“Don’t be the most enthusiastic fuck up anyone’s ever hired!”
This is quickly turning into Rachel’s favorite saying because, guys, it’s starting to become a thing.
We’re all constantly bombarded with the message that we can be whatever the hell we want to be — forget qualifications, forget experience, forget skill. If you have enough drive and enough enthusiasm, you can complete an 8-week crash course in (insert your chosen industry/profession here), start your small business, and in 12 months time you’ll be making six figures, working on your laptop on a beach in Bali.
“I can’t do that, I don’t have any experience” you cry. “That’s just imposter syndrome talking. If you really, really care about what you’re doing, it doesn’t matter if you screw up a little” the world — and by that we mean sponsored ads on social media — cries back.
So you go for it. You decide to wing it. To learn “on the job” and hey, if you fuck it up, you can always smooth things over with a smile.
You go with enthusiasm over competence.
We do not want to piss on your bonfire here, (especially if you’ve just booked your flight to Bali!) but, dudes, this is just bad business.
And we see it ALL.THE.TIME.
Particularly when a business is new…
So you’ve done your crash course, you’ve read a bunch of stuff, and reckon you can have a crack at doing some coaching/writing/design work for a real life client. For real life money — happy dance! And hey, the cost of living is cheap in Bali, right?
“Can you do x?” the client asks. You don’t know what the fuck they’re talking about, but there’s always Google. “Sure” you say.
Which is fine, if the client has asked for something that you’re reasonably confident you can handle. Something risky…but deliverable.
But if you truly are out of your depth, no amount of enthusiasm, passion, or drive is going to dig you out of the hole. Because your client isn’t just a pending invoice — they’re a real person relying on the results you’ve promised them. For their health, for their business, for their happiness, whatever.
And screwing around with that, or winging it, is not okay.
Particularly when a business is scaling…
Things can get pretty crazy, pretty fast when you’re scaling your biz, especially if you have panicky little investors whispering in your ear, asking when they’re going to see a return.
That’s when customer service goes out the window. Like when Rachel ordered a product from a rapidly-scaling business and had to wait THREE MONTHS for something that was promised within 14 days.
But it’s cool, because the company sent her a few super-enthusiastic, fun, quirky emails to try to smooth things over. Which is fine, she’s like so over it. But will she be buying from them again? What do you think?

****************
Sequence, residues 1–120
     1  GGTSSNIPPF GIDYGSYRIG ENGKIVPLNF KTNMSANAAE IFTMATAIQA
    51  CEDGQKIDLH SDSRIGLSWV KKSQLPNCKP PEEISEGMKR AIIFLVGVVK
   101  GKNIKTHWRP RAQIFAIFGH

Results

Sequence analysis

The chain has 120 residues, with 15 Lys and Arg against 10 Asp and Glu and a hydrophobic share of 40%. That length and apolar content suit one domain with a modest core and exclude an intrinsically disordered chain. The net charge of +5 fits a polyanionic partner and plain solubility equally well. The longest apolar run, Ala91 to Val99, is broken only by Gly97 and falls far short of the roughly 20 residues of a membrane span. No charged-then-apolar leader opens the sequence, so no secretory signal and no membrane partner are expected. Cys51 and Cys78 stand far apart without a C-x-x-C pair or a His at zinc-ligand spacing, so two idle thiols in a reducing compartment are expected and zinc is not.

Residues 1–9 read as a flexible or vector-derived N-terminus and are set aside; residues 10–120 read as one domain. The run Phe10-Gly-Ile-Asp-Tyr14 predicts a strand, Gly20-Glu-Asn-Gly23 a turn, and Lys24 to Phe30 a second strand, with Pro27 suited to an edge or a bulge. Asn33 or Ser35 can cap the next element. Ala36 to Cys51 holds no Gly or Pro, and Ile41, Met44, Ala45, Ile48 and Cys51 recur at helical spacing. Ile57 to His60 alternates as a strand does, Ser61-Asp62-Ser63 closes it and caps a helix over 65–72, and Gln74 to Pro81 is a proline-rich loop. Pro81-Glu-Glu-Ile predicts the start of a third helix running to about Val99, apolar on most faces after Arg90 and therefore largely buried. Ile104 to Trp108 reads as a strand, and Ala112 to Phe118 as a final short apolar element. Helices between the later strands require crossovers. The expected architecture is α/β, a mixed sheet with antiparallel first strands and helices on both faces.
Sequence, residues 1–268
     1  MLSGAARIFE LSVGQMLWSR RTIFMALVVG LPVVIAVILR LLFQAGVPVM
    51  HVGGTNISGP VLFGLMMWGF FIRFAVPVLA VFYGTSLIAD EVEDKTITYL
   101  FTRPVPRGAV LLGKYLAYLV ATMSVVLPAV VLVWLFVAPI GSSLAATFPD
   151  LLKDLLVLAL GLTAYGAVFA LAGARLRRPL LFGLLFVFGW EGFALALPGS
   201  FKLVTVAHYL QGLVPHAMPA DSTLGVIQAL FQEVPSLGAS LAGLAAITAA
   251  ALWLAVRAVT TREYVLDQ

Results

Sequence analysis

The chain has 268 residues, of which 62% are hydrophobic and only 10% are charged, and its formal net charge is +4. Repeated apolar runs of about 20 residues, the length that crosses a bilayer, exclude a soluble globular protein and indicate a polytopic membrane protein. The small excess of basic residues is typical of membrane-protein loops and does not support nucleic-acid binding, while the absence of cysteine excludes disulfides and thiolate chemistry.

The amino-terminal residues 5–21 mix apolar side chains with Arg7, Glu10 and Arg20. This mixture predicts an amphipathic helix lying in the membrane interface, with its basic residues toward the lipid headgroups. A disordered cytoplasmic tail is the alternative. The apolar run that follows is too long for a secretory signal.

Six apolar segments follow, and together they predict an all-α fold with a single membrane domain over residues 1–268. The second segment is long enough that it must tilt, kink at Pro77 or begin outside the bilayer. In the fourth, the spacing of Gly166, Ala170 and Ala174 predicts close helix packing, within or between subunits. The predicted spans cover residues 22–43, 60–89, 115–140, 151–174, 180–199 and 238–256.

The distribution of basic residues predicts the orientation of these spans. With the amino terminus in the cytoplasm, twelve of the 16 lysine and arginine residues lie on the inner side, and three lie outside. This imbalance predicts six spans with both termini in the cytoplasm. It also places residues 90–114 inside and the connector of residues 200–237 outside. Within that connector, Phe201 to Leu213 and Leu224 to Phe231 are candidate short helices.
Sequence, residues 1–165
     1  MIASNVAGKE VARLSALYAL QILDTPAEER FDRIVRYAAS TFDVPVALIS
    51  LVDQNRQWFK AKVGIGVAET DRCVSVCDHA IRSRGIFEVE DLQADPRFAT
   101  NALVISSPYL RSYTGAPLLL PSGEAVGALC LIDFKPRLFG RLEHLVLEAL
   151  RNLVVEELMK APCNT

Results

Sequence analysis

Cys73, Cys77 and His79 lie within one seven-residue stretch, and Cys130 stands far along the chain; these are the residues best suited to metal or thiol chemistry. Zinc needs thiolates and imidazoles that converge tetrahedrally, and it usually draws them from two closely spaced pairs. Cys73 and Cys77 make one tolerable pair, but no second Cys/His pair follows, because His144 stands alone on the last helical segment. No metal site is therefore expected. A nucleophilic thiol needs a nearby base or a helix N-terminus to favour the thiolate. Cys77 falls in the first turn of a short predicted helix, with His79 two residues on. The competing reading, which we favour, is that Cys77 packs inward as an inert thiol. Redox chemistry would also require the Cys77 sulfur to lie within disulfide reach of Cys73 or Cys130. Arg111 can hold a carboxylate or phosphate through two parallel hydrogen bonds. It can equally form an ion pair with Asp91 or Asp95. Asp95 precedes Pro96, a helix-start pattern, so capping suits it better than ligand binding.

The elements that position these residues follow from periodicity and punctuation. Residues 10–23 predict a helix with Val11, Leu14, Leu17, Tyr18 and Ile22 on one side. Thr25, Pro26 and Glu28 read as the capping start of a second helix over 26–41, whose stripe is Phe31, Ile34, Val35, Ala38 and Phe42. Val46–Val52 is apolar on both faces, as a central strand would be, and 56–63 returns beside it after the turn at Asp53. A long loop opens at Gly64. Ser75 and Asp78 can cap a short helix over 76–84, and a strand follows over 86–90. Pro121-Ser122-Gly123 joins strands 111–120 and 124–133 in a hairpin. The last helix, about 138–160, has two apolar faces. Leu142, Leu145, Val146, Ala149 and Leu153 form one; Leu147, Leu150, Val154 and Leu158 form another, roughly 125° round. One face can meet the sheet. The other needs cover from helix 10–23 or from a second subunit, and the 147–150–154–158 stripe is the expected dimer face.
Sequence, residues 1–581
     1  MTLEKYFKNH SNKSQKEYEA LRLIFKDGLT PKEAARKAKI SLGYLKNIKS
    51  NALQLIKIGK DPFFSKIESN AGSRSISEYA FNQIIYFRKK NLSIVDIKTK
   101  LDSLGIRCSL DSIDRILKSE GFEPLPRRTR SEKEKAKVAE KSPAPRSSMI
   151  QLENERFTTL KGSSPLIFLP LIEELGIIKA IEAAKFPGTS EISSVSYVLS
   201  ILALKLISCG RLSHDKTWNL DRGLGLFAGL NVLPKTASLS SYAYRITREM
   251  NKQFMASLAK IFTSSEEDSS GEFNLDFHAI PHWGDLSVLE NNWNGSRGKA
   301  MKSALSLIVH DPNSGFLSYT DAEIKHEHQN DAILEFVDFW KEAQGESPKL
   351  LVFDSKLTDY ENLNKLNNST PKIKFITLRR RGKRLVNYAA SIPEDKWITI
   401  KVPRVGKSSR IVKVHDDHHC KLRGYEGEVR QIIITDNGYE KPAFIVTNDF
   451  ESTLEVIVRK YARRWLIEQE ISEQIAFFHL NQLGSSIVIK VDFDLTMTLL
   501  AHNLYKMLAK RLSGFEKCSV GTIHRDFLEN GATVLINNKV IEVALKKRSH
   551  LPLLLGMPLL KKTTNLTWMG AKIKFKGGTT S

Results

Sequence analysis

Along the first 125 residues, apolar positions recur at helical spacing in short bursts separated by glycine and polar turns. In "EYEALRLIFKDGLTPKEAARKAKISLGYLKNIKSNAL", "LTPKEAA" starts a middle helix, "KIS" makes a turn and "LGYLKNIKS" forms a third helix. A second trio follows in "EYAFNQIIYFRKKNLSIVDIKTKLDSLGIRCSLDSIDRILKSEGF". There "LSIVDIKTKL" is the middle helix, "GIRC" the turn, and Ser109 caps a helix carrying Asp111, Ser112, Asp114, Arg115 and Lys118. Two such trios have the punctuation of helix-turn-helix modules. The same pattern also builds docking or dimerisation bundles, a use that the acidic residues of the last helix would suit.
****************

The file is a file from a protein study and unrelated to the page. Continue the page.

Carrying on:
The investors might be happy that things are growing fast but with customer service falling by the wayside, the loss of repeat business is going to make the descent just as rapid as the climb.
All the enthusiasm and excited emojis in the world can’t paper over incompetence.
Particularly when you start resenting your work…
Maybe the work isn’t as exciting as you thought it would be, maybe you’ve discovered that negotiating really isn’t your thing and you feel like your customers are taking advantage. Maybe you’re not getting paid what you think you deserve.
And a teeny tiny bit of resentment creeps in. You start half-assing your work and when complaints come in you turn on the charm and hope an apologetic smile will make up for it.
Spoiler: it won’t.
You gotta put the human first.
Guys, there’s one thing at the root of all of this — forgetting that you have to put the human first. Always.
If you remember that behind the dehumanizing marketing terms like “audience” or “target market”, there are actual people, not just cash piñatas, you’ll manage to do a graceful little hop over all of those “enthusiasm over competence” pitfalls.
You won’t scale at the expense of delivering on your promises. You’ll have too much respect for your client to risk screwing them over by taking on a job you’re not qualified for. And you won’t be tempted to phone it in at work because you’ll be super-duper aware of the value you’re bringing to other lovely human beings.
Getting things right for the customer: it’s how you’ll be a better, more ethical business owner, it’s how you’ll be a better person, and incidentally, it’s also how you’ll manage to get your butt to that beach in Bali some day.